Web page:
How Sequestration Got Its Name

Automatic cuts to federal funding for a broad range of crucial services are in full effect. As the Pennsylvania Budget and Policy Center has written, this so-called federal sequestration will have a direct, disastrous impact on health care, education and jobs across Pennsylvania.

Many people do not know much about the sequestration, its roots, or its total impact. A recent blog post by Kevin Drum at Mother Jones offers a nice primer. He writes that the term sequestration stems from a 1985 law:

[The Gramm-Rudman-Hollings Act] set out a series of ambitious deficit reduction targets, and to put teeth into them it specified that if the targets weren't met, money would automatically be "sequestered," or held back, by the Treasury Department from the agencies to which it was originally appropriated. The act was declared unconstitutional in 1986, and a new version was passed in 1987.

Sequestration never really worked, though, and it was repealed in 1990 and replaced by a new budget deal. After that, it disappeared down the Washington, DC, memory hole for the next 20 years.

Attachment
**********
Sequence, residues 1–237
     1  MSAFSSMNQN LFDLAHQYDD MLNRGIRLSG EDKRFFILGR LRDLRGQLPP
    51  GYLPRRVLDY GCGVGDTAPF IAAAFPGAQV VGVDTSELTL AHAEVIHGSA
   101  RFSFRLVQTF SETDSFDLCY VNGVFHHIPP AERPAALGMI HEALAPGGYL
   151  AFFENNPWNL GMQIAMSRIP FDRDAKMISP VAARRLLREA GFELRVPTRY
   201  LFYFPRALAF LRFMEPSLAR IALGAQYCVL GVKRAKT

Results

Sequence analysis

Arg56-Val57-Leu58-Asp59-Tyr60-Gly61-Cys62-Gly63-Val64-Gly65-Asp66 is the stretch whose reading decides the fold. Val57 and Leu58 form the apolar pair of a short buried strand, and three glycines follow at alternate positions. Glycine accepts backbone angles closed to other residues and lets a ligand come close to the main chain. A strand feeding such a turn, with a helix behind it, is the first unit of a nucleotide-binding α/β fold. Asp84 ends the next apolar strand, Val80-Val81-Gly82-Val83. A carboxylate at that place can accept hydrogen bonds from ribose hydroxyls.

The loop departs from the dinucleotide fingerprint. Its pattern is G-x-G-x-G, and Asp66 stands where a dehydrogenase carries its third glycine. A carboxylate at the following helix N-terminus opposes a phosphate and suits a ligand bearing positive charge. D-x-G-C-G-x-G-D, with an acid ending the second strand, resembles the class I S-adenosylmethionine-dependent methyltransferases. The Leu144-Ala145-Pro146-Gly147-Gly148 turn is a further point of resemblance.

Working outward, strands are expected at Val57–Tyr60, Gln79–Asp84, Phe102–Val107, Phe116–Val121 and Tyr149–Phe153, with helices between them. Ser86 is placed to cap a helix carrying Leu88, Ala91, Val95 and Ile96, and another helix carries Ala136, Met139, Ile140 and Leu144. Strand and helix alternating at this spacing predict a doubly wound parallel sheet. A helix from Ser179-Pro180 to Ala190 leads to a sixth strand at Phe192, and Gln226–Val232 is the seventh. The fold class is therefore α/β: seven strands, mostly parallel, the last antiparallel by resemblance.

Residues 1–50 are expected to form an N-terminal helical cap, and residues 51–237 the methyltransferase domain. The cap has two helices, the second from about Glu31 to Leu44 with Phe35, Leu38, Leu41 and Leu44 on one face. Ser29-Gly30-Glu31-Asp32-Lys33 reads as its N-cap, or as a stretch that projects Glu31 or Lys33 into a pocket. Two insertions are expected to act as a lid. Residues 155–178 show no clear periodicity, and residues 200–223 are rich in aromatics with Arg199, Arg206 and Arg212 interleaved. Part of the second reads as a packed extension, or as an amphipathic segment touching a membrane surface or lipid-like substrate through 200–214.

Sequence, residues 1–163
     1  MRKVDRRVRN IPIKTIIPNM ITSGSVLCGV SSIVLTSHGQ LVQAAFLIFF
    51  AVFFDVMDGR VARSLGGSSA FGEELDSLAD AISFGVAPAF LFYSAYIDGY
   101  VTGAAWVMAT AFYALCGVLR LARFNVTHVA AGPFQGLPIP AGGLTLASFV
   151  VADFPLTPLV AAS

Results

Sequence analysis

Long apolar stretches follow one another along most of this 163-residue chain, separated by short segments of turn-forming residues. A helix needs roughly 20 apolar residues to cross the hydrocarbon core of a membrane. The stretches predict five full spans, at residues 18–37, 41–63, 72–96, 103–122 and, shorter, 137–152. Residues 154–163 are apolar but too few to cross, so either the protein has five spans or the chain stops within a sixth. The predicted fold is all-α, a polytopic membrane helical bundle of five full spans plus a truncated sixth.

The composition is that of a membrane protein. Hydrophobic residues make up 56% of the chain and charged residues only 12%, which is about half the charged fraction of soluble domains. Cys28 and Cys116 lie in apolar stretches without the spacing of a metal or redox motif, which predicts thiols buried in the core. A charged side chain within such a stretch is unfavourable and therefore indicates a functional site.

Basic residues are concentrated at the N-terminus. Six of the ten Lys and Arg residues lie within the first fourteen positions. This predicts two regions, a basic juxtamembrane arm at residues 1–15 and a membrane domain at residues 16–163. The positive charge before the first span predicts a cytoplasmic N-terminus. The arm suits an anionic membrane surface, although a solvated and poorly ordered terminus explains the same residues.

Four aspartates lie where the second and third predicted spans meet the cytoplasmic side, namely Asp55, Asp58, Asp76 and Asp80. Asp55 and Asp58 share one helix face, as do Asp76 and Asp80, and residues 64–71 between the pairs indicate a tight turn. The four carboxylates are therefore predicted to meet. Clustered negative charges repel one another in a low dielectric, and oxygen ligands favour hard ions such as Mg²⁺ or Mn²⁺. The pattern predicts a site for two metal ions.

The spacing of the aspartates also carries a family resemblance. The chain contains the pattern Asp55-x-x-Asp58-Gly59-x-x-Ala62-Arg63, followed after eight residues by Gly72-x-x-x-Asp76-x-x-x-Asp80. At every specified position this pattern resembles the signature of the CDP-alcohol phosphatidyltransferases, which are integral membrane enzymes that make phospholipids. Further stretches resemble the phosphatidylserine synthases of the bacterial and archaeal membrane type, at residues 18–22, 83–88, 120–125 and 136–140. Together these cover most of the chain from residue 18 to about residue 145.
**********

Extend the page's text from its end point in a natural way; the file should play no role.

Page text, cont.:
Drum writes that it was revived in the summer of 2011 to resolve the debt ceiling standoff between President Obama and House Republicans. The automatic sequestration cuts were intended to go into effect if a "super committee" of lawmakers were unable to put together a deficit reduction plan.

To make sure everyone was motivated to make a deal, the sequester was designed to be brutal: a set of immediate, across-the-board cuts to both defense spending and domestic spending, starting on January 1, 2013. The idea was that everyone would hate this so much they'd be sure to agree on a substitute. 

Needless to say, no such agreement was reached. So now we're stuck with the automatic sequestration cuts.

Drum offers a lot more on how the sequester is structured, what it means, and what could be done to change it.

As we have blogged in the past, the across-the-board cuts set in motion by sequestration will have disastrous effects in Pennsylvania. It means:

  • 5,400 Head Start slots for low-income children will be lost;
  • $26.4 million in funding for primary and secondary education will be lost, as well as $21.4 million for children with disabilities (meaning 29,000 fewer students will be served, and 90 fewer schools will receive funding);
  • 78,454 jobs will be lost in FY2012/FY2013;
  • 3,500 fewer individuals suffering from substance abuse will receive services;
  • 1,000 fewer domestic violence victims will be served; and
  • 6,000 fewer HIV tests will be available.

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